NEW YORK (AP) — A federal appeals court that rejected a Chinese woman's asylum request found that she helped her country's government limit childbirths for over two decades.
The 2nd U.S. Circuit Court of Appeals in Manhattan ruled that 61-year-old Suzhen Meng assisted in the persecution of women for 22 years as the sole public security officer in a region where she monitored about 1,100 households.
An immigration court previously found that she reported women with unauthorized pregnancies knowing they would be subjected to forced abortions and sterilizations. China's policy in her region permitted families to have one child. The appeals court noted that Meng had testified to seeing women who had violated the policy being dragged away forcibly by police.
After arriving in the United States in February 2008, Meng sought asylum on the grounds that she faced political persecution in China. The immigration judge's ruling said Meng was working odd jobs in New York because she got dismissed from her job in China and was not receiving a pension.
An immigration judge rejected her asylum request in 2010, after which she appealed.
In asylum claims recounted in an appeals court decision Monday, Meng said she reported police corruption while she was a security officer, leading her to be arrested and held for two weeks, when a guard slapped her face several times and fellow prisoners beat her on instruction of guards. One encounter resulted in Meng having a tooth knocked out, according to court documents.
Her lawyer, Gary Yerman, said Tuesday that Meng was merely a "statistician, a census taker" who tracked births. He said an appeal was possible.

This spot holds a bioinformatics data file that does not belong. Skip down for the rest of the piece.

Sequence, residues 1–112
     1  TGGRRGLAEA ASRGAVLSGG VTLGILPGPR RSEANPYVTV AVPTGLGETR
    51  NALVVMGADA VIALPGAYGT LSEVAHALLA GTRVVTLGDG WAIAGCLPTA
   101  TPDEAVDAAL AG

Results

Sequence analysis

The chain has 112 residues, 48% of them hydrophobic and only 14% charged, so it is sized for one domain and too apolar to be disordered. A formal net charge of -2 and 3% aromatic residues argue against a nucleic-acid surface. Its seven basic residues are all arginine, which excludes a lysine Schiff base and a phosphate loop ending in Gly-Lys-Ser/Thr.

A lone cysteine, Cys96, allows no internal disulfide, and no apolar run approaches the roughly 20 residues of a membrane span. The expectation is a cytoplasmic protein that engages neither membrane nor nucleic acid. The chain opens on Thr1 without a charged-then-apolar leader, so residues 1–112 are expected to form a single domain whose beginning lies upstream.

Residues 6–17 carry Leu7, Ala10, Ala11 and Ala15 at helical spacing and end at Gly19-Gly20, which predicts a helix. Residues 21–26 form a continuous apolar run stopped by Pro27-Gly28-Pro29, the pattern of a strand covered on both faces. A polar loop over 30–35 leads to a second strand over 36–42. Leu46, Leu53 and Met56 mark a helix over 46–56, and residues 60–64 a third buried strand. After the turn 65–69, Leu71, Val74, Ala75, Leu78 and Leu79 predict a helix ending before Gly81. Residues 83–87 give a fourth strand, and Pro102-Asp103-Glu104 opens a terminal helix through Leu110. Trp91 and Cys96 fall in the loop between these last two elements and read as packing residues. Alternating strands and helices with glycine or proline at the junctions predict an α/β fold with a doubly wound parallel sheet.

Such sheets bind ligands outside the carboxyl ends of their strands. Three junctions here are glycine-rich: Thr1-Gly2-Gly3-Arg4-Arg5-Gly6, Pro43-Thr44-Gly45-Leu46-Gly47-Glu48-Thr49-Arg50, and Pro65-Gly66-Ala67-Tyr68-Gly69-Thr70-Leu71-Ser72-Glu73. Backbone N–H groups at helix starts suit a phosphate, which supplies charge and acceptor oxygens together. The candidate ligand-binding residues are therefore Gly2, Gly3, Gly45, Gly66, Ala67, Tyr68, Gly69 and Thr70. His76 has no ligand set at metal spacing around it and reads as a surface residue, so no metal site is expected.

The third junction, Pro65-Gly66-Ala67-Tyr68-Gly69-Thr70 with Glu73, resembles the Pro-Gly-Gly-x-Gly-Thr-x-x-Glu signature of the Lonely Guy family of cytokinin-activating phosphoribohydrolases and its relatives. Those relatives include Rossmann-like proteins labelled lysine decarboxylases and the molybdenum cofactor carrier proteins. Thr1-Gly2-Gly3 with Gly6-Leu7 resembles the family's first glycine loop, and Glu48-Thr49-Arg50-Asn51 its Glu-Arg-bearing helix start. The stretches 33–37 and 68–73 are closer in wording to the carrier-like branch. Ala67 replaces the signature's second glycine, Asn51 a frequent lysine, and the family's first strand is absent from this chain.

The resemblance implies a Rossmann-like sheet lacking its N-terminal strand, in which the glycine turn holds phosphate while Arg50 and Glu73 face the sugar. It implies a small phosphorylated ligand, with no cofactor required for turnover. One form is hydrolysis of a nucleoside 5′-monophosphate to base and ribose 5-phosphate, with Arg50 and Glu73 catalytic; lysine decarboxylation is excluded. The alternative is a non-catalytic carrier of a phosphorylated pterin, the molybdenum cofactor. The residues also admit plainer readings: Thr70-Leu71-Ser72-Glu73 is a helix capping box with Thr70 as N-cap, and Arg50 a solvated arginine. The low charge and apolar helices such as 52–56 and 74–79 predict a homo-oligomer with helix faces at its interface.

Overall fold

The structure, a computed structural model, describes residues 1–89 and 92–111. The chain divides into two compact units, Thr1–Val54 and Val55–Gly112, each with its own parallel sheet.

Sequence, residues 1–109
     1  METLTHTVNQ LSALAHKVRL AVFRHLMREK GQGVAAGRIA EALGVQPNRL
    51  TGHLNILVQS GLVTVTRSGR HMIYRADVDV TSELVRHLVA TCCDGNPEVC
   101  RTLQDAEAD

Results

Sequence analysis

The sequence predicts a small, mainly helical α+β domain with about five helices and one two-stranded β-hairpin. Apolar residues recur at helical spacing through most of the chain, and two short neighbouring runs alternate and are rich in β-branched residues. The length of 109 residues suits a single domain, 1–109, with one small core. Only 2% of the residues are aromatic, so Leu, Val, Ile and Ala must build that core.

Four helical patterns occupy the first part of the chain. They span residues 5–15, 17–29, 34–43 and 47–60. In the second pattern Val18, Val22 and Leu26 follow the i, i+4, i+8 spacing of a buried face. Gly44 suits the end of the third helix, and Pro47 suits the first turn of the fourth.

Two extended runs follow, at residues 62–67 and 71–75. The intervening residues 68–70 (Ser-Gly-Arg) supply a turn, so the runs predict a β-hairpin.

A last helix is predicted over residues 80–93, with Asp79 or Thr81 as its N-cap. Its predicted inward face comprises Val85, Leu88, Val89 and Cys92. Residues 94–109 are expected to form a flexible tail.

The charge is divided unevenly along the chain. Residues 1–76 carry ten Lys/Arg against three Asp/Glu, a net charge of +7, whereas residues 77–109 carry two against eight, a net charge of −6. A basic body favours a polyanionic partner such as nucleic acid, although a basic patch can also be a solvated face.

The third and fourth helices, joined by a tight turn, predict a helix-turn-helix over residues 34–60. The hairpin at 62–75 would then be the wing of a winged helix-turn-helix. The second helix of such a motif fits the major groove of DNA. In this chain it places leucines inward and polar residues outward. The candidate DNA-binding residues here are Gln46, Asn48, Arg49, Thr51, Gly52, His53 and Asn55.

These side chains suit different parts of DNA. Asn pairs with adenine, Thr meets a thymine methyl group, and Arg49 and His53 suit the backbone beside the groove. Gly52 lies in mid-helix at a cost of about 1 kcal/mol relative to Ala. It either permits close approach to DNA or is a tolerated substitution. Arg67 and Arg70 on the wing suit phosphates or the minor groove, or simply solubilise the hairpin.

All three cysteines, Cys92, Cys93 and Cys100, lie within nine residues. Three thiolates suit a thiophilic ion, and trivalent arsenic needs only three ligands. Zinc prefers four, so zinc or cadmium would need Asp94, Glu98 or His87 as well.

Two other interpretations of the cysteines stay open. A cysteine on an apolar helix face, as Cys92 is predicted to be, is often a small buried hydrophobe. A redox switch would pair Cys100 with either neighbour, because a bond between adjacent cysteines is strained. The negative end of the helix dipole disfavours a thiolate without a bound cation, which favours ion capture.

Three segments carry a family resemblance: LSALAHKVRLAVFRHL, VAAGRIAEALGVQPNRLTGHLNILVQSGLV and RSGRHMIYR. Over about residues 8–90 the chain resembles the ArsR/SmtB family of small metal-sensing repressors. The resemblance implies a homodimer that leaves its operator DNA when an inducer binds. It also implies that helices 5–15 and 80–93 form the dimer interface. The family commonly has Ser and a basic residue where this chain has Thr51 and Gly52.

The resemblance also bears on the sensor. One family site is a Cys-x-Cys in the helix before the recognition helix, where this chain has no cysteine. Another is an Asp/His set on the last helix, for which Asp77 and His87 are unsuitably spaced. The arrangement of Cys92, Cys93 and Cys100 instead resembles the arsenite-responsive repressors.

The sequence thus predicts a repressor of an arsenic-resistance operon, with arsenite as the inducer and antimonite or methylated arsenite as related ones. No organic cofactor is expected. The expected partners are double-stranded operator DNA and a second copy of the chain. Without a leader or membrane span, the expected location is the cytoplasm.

"She didn't actively assist the persecution of others," he said.
In court documents, Yerman said Meng was the regional police officer for her district in the city of Wuhan, Hubei Province, and came to the U.S. at the invitation of her sister, a researcher at Johns Hopkins University in Baltimore. Yerman also said the chief of the political department at the Hanyang security office warned Meng not to apply for asylum when she came to the U.S. or there would be consequences.
The appeals court "seemed to exaggerate Ms. Ming's importance to the family planning enforcement in China," Yerman said.
In a decision written by Circuit Judge Reena Raggi, a three-judge panel noted that Ming sometimes advised women she would report as being pregnant to hide or flee, but it said she was "integral to the effectuation of persecution."
It added: "Meng's reporting of policy-violating women was no 'minor' action, but the critical step that set in motion the entire persecutor scheme of enforcement."